During the hard-to-soft transition, gaps between the clumps and outer cold disk become smaller, and the warp becomes less obvious. So, we cannot find the warp at the end of the transition. Similarly, it is also difficult to find the warp at the beginning of the soft-to-hard transition.

The warp structure may become even less obvious if more realistic soft seed photons or relativistically blurred emission lines are considered. On one hand, for the temperature we are concerned with, bound-free opacity and bound-bound opacity can modify the spectrum, leading to a notable deviation from a color-corrected black body (Shimura & Takahara 1995 ). On the other hand, relativistically blurred emission lines due to the Fe L shell, C, N and O may also fall into this energy range. These reflection features could be significant and have been proposed to explain the soft X-ray excess in AGNs (e.g., Crummy et al. 2006 ). Further study is needed to investigate these effects.

The heating effect of the outer cold disk by hard X-rays can also produce a similar warp shape (e.g., Gierliński et al. 2008 ; Chiang et al. 2010 ). One possible way to identify the origin is the flux correlation between X-ray and ultraviolet (UV) bands. For a reprocessing model, if X-ray flux decreases, the UV bump will also decrease after a certain time lag, but for an inhomogeneous flow, the correlation between UV bump and X-ray flux is complex and case dependent. For example, when the accretion rate increases, the UV bump can increase together with X-ray flux. If the accretion rate remains the same, they can be either anti-correlated due to energy balance between the corona and clumps, or uncorrelated due to energy injection into the corona such as dissipation of the magnetic field.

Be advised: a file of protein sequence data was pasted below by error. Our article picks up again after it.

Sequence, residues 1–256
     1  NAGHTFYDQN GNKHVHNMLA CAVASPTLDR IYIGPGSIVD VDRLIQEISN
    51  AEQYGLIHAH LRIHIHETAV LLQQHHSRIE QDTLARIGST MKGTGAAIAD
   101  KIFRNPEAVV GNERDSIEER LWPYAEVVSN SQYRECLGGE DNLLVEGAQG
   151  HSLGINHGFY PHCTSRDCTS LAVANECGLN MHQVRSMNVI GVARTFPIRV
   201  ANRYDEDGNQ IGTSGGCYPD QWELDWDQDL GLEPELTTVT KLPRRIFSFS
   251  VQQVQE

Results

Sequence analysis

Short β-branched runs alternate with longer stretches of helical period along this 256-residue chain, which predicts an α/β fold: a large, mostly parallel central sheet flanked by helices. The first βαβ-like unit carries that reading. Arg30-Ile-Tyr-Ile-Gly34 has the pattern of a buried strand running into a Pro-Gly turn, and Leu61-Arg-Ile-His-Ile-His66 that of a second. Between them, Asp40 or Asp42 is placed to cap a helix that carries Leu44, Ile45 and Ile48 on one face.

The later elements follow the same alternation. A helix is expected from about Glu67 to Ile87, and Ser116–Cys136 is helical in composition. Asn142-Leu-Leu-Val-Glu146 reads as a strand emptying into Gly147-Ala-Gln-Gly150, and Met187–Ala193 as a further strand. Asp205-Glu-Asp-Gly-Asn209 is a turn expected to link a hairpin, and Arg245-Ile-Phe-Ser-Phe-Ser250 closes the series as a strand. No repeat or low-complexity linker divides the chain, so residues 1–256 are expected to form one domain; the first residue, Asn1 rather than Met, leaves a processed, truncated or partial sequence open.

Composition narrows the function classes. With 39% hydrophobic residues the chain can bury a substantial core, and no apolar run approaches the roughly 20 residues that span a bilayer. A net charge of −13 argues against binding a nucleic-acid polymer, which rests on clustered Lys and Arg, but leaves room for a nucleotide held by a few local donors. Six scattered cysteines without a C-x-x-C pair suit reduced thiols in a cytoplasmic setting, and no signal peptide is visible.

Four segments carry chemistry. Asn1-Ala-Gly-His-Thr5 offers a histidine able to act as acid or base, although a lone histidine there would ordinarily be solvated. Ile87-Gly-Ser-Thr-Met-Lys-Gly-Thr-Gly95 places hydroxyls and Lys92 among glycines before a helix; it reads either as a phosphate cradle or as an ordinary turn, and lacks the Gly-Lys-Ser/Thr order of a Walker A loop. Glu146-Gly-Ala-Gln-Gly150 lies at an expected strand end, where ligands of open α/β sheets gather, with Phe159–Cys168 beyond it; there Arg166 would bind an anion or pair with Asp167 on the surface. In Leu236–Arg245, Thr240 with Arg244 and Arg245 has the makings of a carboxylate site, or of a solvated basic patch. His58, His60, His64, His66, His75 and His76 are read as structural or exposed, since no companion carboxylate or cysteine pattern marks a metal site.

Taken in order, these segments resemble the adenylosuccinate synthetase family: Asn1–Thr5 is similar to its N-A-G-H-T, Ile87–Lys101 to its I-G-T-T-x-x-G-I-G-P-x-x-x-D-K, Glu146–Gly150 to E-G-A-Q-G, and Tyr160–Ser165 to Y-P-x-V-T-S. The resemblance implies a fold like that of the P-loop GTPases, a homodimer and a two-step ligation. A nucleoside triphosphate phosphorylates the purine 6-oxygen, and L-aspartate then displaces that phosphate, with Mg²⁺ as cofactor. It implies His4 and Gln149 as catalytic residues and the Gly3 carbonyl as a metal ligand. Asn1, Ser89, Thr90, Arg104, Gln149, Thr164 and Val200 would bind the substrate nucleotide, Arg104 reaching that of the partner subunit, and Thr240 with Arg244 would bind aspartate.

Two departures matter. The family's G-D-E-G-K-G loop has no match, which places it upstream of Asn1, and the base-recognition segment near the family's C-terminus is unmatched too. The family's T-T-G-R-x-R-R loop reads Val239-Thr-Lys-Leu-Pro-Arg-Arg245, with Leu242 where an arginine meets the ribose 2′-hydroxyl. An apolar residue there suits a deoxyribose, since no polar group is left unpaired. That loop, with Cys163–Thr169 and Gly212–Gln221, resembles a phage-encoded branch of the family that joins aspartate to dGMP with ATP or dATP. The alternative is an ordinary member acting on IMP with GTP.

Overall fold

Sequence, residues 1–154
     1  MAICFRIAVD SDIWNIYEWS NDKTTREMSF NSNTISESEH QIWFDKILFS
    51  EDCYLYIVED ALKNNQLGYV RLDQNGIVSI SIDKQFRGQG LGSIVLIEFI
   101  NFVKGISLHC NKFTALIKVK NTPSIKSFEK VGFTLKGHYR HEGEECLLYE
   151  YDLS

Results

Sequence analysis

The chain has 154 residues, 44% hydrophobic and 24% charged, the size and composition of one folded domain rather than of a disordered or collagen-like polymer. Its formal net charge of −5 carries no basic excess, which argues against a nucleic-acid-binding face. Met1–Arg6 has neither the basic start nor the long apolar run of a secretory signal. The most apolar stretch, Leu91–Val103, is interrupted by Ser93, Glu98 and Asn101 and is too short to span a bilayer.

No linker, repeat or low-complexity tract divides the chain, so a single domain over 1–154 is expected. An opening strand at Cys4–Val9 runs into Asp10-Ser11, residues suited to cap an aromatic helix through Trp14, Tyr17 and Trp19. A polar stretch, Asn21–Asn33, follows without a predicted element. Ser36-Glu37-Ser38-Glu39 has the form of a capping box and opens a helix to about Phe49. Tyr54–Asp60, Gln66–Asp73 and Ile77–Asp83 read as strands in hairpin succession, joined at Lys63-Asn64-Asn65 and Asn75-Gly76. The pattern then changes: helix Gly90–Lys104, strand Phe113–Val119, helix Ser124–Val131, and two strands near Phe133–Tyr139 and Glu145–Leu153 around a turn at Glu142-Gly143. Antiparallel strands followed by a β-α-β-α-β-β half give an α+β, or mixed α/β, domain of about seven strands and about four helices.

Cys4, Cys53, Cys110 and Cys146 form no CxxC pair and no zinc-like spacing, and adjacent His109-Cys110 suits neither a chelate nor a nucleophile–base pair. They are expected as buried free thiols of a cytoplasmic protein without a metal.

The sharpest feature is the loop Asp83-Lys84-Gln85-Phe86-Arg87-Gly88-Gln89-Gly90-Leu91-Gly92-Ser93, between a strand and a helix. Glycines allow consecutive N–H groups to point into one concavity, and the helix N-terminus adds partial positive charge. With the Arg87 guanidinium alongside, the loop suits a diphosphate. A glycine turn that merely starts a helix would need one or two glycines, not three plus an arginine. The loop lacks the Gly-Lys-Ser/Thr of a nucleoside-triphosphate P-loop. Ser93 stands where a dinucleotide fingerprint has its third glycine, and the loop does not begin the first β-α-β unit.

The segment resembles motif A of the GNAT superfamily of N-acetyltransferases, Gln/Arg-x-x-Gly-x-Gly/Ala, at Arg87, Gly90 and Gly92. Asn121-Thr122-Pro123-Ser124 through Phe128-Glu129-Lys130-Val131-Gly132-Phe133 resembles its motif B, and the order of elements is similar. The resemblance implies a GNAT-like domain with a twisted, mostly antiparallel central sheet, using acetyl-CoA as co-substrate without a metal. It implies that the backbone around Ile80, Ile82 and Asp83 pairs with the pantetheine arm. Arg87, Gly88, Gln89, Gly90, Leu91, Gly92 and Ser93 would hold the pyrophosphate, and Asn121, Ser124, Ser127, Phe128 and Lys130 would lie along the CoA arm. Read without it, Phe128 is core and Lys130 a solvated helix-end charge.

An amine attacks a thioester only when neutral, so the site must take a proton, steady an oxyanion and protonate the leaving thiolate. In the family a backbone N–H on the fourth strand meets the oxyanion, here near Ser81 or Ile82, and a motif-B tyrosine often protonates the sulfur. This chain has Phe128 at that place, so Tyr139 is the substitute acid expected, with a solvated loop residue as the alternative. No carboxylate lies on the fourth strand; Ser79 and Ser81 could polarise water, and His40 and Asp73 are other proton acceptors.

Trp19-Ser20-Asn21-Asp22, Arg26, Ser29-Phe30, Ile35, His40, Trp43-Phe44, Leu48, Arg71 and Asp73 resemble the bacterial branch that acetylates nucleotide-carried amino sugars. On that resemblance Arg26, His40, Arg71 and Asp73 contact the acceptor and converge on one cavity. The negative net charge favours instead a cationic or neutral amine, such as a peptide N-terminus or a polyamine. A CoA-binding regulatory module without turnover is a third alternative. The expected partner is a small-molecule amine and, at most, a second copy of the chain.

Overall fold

Additionally, radiation in the UV/soft X-ray band suffers strong attenuation by interstellar absorption, so carefully designed and high-resolution observations are needed in order to detect a warp feature.

5 Conclusions

In order to explore possible detectable signals of the clumps in an inhomogeneous accretion flow, we parameterize the model and investigate the influences of each parameter, so that the actual process can be inferred from the variation of parameters. We find that clues about the clumps may be identified in the warp feature in the middle part of the thermal component, as well as the correlation between the thermal peak at higher frequency and the spectral index.

More self-consistent models, which include a more realistic disk spectrum, synchrotron seed photons, interaction between the clumps and disk, and ionization of the clumps, will be considered in future works.


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Cite this article: Yu Xiao-Di, Li Ya-Ping, Xie Fu-Guo, Ma Ren-Yi. A Monte Carlo study of the spectra from inhomogeneous accretion flow. Cancer Biol Med. 2017; 8:086.